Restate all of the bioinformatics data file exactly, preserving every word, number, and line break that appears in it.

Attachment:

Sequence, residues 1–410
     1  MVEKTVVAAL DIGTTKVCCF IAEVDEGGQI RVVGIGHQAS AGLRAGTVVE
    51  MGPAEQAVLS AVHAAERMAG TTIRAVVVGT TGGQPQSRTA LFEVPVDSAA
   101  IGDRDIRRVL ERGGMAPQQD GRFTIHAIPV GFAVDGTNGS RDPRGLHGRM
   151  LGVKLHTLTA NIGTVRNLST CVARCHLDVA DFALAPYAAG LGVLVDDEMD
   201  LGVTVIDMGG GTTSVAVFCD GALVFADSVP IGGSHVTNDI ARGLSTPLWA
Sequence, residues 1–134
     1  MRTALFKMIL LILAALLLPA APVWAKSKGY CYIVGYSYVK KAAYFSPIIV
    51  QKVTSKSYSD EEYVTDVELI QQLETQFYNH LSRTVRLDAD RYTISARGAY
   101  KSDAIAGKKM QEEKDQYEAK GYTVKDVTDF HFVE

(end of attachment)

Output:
Sequence, residues 1–410
     1  MVEKTVVAAL DIGTTKVCCF IAEVDEGGQI RVVGIGHQAS AGLRAGTVVE
    51  MGPAEQAVLS AVHAAERMAG TTIRAVVVGT TGGQPQSRTA LFEVPVDSAA
   101  IGDRDIRRVL ERGGMAPQQD GRFTIHAIPV GFAVDGTNGS RDPRGLHGRM
   151  LGVKLHTLTA NIGTVRNLST CVARCHLDVA DFALAPYAAG LGVLVDDEMD
   201  LGVTVIDMGG GTTSVAVFCD GALVFADSVP IGGSHVTNDI ARGLSTPLWA
Sequence, residues 1–134
     1  MRTALFKMIL LILAALLLPA APVWAKSKGY CYIVGYSYVK KAAYFSPIIV
    51  QKVTSKSYSD EEYVTDVELI QQLETQFYNH LSRTVRLDAD RYTISARGAY
   101  KSDAIAGKKM QEEKDQYEAK GYTVKDVTDF HFVE